Recent Africa Outlook
Rob Scharar, co-manager of the Africa fund, recently sat down with the BusinessMakers radio show to share some of his wisdom from years of experience investing in Africa. For example, did you know South Africa has a stock exchange over 150 years old? Or that Malawi doesn’t tax dividends? Watch the video below to see the full interview and find out more.
Click Here for current Africa Fund Holdings.
Click Here to learn about the principal risks of investing in the Africa Fund, which include market, foreign security and geographic risk.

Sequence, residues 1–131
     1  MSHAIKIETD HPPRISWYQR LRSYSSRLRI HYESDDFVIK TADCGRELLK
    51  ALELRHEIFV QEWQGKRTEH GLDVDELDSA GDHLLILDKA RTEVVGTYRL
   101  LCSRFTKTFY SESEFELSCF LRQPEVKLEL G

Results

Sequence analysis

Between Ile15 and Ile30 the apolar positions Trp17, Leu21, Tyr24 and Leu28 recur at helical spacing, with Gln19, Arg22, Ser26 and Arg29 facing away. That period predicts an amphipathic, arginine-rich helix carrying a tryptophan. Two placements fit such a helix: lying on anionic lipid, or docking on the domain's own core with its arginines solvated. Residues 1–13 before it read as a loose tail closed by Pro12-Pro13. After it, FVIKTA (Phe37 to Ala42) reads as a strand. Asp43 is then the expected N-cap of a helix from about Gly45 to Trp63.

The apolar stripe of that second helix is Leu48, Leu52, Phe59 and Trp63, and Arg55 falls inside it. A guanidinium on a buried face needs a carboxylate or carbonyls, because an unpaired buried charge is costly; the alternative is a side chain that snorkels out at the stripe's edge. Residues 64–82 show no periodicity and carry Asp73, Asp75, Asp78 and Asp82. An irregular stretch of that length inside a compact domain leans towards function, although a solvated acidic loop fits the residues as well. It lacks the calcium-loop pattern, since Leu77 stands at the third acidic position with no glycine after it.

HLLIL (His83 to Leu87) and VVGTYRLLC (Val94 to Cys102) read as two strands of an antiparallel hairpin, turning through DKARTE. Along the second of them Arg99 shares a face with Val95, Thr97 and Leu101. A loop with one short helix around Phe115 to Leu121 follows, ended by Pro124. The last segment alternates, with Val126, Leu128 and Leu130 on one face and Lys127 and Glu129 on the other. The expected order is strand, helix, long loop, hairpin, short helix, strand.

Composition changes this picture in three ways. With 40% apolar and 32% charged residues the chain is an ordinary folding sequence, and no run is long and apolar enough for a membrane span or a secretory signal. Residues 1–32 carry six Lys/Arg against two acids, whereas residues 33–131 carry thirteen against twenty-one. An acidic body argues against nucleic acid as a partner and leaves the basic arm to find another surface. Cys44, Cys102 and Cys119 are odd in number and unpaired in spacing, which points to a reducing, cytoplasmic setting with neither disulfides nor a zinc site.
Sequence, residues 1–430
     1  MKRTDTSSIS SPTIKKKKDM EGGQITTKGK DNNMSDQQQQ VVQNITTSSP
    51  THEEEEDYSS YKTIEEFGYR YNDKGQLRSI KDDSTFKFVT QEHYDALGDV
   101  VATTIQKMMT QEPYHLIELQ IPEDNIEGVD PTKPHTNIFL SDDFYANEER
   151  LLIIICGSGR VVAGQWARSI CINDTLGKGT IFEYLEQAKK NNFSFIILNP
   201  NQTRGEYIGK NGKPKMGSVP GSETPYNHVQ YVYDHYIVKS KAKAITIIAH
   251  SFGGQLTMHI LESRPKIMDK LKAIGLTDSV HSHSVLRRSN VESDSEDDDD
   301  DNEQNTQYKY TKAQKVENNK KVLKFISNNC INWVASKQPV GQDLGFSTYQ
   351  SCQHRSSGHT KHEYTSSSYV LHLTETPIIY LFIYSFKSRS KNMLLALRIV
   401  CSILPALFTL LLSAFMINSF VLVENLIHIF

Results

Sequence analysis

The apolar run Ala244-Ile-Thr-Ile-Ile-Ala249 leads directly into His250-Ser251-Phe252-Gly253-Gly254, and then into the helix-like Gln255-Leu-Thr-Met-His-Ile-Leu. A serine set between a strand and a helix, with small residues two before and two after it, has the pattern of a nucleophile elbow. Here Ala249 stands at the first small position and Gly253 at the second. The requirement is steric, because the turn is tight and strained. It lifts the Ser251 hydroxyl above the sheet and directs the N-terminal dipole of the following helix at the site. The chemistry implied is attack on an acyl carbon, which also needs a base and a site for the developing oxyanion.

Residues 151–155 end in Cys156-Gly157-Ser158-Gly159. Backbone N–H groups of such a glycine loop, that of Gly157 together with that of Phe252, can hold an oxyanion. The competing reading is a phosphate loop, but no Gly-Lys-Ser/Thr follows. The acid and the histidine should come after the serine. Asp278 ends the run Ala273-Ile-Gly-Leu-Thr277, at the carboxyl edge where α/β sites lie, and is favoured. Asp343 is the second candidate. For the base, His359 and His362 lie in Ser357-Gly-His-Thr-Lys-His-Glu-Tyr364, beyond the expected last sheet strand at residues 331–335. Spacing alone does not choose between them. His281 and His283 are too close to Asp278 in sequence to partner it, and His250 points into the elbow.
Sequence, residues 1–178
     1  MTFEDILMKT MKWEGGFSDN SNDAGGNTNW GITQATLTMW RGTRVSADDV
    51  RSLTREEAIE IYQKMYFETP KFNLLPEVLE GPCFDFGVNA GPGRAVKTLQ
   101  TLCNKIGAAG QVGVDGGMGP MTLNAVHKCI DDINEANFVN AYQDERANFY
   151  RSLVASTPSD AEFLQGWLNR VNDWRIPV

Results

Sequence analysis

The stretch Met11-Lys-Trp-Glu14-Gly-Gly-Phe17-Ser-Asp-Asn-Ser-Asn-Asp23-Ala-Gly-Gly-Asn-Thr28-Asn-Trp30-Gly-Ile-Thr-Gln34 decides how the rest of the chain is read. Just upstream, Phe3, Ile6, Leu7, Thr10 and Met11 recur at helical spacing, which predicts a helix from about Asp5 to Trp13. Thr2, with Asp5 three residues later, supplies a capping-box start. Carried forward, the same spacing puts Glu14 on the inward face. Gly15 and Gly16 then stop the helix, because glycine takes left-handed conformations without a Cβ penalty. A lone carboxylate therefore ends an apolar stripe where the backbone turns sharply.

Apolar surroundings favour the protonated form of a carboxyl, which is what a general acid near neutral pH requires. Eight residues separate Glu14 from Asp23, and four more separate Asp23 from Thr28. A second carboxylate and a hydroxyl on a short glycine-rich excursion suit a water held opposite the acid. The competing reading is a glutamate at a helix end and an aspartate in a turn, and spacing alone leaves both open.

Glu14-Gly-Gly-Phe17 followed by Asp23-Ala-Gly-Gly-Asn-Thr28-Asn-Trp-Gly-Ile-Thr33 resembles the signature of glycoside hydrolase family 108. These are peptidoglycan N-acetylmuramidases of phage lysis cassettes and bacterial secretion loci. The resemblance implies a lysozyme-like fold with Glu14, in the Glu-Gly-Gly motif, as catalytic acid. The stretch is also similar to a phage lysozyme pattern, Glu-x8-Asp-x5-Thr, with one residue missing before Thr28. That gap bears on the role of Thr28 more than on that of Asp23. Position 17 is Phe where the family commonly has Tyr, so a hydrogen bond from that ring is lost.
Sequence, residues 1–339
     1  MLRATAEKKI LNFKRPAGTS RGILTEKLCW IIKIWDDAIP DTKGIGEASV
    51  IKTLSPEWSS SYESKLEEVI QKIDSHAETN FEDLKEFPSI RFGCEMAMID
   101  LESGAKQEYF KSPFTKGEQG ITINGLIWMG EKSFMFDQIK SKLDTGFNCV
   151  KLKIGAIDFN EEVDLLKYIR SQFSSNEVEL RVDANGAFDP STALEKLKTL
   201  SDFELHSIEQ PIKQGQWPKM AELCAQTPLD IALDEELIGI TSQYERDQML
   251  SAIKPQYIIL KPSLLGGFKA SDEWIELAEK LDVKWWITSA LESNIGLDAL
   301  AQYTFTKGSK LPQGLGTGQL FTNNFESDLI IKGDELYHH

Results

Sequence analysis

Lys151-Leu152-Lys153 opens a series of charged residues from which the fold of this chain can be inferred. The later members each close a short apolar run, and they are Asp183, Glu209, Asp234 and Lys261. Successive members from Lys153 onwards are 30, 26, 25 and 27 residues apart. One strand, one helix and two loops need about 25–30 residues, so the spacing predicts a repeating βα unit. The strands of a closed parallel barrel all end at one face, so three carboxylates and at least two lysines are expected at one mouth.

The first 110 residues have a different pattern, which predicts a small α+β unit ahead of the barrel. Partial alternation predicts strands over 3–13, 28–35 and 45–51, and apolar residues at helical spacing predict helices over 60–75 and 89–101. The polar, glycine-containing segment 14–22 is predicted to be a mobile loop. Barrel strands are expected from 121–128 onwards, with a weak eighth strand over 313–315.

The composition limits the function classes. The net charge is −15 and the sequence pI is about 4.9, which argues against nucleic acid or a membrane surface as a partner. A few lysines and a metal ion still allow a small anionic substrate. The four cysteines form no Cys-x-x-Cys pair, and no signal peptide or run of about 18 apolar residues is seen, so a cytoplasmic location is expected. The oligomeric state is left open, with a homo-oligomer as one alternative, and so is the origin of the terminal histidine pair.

Many factors impact the Fund’s expense ratio, including the level of net assets. If the Fund is unsuccessful in raising assets to the estimated levels for its initial fiscal period, the Fund’s expense ratio may be significantly higher. Investors should consider the impact expenses will have on returns over time and that a higher expense ratio will detract from the Fund’s performance. The expense ratio of the Fund for its initial period of operations will be available in the semi-annual report for the period ended April 30, 2012. Investing in international markets may involve additional risks, such as social and political instability, market illiquidity, exchange-rate fluctuations, a high level of volatility and limited regulation. Region specific funds may be subject to a higher degree of market risk than diversified funds because of concentration in a specific industry, sector or geographic location including changes in overall market movements, commodity price volatility, changes in interest rates, or sectors affecting a particular commodity, such as drought, floods, weather, embargoes, tariffs, and international economic, and regulatory developments. Many companies that are tied economically to Africa are not subject to uniform accounting, auditing, and financial reporting standards or to other regulatory practices required of U.S. companies. The portfolio may invest in small, mid-sized companies and emerging or frontier markets, which are susceptible to greater risk and tend to be more volatile than is customarily associated with investing in more established companies. The value of a particular currency may fluctuate which could erode or reverse any potential income and/or gains from the Fund’s investments in fixed income securities denominated in a foreign currency. It may not be possible for the Fund to effectively hedge the currency risks of many developing countries.